Nissin held tasting occasions in Japan to advertise Cup Noodle and educate folks learn how to eat it. The most profitable was held on November 21, 1971, in Tokyo’s Ginza procuring district. It focused younger adults strolling the “Pedestrian Paradise,” Japan’s most fashionable street.

Greater than 20,000 Cup Noodle units offered in 4 hours.

Nissin additionally pitched the product to employees on the transfer, like the Japan Self-Protection Forces. Cup Noodle acquired an unintended media increase when protection of a hostage disaster known as the Asama-Sansō Incident confirmed law enforcement officials consuming Cup Noodle to remain heat.

Media protection of the Asama-Sansō Incident depicted law enforcement officials consuming from Cup Noodle containers. [Photo: Shotaaa/Wiki Commons]

Greater than a modern meals

Cup Noodle epitomized the dominant perception in postwar Japan that a greater life may very well be achieved by way of comfort and luxury, whether or not it was by way of home equipment like fridges and televisions or take-out meals.

Japan’s first comfort shops opened in 1969 and have become major entrepreneurs of Cup Noodle. Notably, Nissin held its Ginza Cup Noodle occasion in entrance of Japan’s first McDonald’s, which had opened on the Pedestrian Paradise 4 months earlier, on July 20, 1971. Cup Noodle was one of the first meals offered in merchandising machines in Japan, with the first Cup Noodle vending machine put in close to the Tokyo workplaces of the Nihon Keizai monetary newspaper in November 1971.

Over time, the manufacturing course of improved and costs dropped, and on the spot ramen grew to become a go-to meals for economically precarious populations.

Cup Noodle has deployed a number of profitable Japanese advertising and marketing methods. They embody releasing a gentle stream of new flavors—from Japanese consolation meals like hen teriyaki to unique fare like curries—together with attention-grabbing limited-edition flavors like “Cheechili Curmato” (chili, tomato, and European cheese curry, anybody?).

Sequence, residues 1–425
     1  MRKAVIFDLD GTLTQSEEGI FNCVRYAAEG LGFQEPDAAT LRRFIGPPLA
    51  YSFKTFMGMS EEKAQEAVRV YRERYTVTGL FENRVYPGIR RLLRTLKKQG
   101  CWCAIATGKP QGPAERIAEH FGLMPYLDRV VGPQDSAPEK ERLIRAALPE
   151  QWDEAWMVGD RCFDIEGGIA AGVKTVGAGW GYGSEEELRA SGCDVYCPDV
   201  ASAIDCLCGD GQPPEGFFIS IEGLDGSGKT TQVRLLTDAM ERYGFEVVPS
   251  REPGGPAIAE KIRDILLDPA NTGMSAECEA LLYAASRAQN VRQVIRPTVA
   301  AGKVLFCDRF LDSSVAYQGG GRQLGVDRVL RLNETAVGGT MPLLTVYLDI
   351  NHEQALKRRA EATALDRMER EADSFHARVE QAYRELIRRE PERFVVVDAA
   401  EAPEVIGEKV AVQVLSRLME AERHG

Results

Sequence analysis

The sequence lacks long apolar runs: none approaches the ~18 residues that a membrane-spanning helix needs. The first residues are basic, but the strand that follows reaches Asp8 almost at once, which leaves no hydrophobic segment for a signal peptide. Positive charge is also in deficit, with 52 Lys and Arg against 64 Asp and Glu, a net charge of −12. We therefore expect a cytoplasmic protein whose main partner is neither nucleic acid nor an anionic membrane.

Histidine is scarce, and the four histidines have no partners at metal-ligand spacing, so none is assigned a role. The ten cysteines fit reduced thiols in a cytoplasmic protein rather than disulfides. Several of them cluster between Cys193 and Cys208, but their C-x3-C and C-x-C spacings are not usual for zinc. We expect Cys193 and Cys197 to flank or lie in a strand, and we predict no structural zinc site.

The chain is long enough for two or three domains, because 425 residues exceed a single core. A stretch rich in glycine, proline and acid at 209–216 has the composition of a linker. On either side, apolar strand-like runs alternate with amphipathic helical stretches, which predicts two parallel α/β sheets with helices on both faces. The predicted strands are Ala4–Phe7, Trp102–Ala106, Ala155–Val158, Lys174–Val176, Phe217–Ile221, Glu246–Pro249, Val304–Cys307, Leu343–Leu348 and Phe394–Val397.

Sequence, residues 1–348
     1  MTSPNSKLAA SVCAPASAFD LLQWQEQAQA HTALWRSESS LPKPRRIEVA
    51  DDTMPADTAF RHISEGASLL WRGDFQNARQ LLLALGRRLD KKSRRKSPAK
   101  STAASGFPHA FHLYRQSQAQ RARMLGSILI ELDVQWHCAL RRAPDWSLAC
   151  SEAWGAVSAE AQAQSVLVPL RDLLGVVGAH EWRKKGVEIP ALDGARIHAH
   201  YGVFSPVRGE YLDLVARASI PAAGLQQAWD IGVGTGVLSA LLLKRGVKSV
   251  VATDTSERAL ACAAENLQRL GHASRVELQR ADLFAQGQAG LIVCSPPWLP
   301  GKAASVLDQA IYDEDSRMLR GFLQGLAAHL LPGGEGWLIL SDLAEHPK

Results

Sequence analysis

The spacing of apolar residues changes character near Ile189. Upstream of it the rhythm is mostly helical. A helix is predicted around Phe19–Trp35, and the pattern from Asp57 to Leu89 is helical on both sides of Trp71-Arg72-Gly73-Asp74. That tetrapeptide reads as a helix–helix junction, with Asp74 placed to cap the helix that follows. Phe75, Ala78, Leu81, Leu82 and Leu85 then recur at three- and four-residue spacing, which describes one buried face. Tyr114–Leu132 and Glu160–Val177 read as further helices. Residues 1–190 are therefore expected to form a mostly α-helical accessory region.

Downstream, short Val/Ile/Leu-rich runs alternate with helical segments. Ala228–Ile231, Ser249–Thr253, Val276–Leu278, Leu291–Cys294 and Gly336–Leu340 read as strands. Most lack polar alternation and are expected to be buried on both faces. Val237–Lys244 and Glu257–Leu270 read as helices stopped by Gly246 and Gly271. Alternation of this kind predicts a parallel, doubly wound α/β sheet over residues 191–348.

Entrepreneurs tapped into nostalgia and fan collaborations to assist promote the product. Nissin additionally adopted the fashionable Japanese promoting apply of hiring American celebrities to pitch its merchandise, with James Brown singing about miso-flavored Cup Noodle to the tune of “Get on Up” in a memorable 1992 television ad.

Cup Noodles hides its Japanese roots

None of these methods was used to promote Cup Noodle in the United States, nevertheless.

The product took a unique path in the U.S. by downplaying foreignness and vogue and by changing into an extraordinary American meals.

Cup Noodle was first offered in the U.S. in November 1973 at a time when Japanese merchandise like Toyota cars had been designed to be completely different from these made in America but simple for People to grasp, pronounce, and settle for.

In the U.S., a neon 60-foot Cup Noodles advert hung in New York’s Occasions Sq. from 1996 to 2006, a symbol of Nissin’s global reach. It represented the concept—widespread in Japan—that making it huge in America is the key to enterprise success.

In America, nevertheless, Cup Noodles has succeeded by hiding its Japanese roots.

Alisa Freedman is a professor of Japanese literature, cultural research, and gender at the University of Oregon.